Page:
Although the next provincial election in Manitoba is slated for October 2023, Premier Pallister appears committed only to staying until the COVID-19 crisis is resolved.
"I'm committed to seeing [the pandemic] through," Pallister said in an interview with The Canadian Press. "Never say 'whoa' in a mud hole."
The decision comes amid declining support for the governing Progressive Conservative party, which has fallen lower than support for the Opposition NDP for the first time since the Tories took office back in 2016.
A poll which surveyed 1,000 Manitobans in late November/early December found that four in 10 (41 per cent) of decided leaning voters polled in recent weeks said they would vote for an NDP candidate in a hypothetical election, compared to 37 per cent of respondents who said they'd vote for the Progressive Conservatives. This is a six percentage point drop in popularity since polling done a few months ago.
Findings by Probe Research suggest the fall in support was caused by a perception that the provincial government was not handling the pandemic sufficiently, or were delaying action. Scott MacKay, president of Probe Research, also added that Pallister's political style may have also contributed to the decline. "The way he communicates, I think he has a very … severe kind of approach, and I think he can be very intimidating to people sometimes," MacKay said.
The gap between PC and NDP support is not the same everywhere. In Winnipeg, the PCs have only 30% of support, compared to 46% for the NDP. Declining support is also greater among women, having fallen to 29%. By contrast, 46% of men still prefer Pallister. Lastly, the decline may have been simply caused by being "in the wrong place at the wrong time."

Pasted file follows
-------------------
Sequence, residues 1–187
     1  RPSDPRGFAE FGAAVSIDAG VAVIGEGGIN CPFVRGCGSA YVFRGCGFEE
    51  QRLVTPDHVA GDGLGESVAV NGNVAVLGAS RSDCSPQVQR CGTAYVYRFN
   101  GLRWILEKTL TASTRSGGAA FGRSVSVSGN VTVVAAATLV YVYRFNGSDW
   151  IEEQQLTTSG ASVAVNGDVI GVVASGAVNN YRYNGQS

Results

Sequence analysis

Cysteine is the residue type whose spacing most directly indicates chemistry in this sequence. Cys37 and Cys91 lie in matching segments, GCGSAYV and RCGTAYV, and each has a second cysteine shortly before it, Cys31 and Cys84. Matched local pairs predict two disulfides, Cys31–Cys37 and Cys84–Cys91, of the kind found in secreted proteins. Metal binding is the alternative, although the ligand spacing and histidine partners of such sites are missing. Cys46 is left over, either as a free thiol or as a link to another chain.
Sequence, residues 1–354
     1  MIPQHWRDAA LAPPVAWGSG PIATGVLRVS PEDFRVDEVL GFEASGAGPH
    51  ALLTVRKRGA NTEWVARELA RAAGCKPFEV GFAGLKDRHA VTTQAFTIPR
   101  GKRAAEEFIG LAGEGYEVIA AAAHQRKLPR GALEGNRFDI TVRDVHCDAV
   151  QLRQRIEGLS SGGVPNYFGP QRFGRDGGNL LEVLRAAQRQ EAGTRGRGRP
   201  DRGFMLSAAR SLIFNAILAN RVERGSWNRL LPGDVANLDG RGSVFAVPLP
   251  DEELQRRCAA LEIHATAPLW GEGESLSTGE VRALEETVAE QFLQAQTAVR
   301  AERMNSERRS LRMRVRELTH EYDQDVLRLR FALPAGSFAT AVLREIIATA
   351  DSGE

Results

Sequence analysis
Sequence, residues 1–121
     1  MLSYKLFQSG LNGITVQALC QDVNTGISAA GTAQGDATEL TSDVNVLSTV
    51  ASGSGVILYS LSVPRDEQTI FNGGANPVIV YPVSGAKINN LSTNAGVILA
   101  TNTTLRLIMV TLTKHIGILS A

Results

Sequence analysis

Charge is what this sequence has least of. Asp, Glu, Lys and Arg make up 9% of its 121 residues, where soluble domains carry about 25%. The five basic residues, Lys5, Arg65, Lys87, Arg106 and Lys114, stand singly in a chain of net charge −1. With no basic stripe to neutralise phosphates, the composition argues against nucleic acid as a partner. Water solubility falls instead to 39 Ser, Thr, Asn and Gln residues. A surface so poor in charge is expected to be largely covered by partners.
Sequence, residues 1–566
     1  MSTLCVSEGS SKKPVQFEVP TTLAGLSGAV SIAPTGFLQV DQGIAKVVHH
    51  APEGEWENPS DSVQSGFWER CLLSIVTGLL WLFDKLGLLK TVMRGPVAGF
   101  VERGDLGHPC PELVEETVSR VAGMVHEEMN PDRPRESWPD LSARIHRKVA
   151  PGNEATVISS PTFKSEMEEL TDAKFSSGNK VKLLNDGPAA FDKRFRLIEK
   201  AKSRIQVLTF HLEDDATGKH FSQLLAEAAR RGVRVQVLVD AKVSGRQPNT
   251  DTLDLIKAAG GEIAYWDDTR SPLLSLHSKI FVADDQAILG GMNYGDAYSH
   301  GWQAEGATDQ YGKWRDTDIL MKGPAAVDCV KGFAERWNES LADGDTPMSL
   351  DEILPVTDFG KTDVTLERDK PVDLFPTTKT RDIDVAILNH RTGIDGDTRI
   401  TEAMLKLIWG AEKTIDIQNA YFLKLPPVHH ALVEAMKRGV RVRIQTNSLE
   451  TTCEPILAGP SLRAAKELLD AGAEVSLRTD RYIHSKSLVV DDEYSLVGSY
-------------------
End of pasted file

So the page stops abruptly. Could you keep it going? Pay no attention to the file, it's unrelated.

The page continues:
"The governments of the right, like the Pallister Conservatives, aren't really purpose-built for these kinds of pandemics and these kinds of crises," noted MacKay. "I think it's hard for conservatives to really open the treasury wide and, you know, to restrict people's freedoms and other things." For much of autumn, Manitoba had the highest per-capita rate of new infections in all of Canada. The total number of deaths has also increased from 20 at the start of October to 500 by the middle of December.
Concerning the findings, Pallister has said "...I don't care about polls, I care about Manitobans."
However, if polling doesn't improve, the Premier may be forced to step down amid pressure from his fellow Tories. "Perhaps if the party continues to plummet … then you might see more open signs of restlessness and insistence that something has to change before the next election," said Paul Thomas in a CBC interview, a former professor of political science at the University of Manitoba.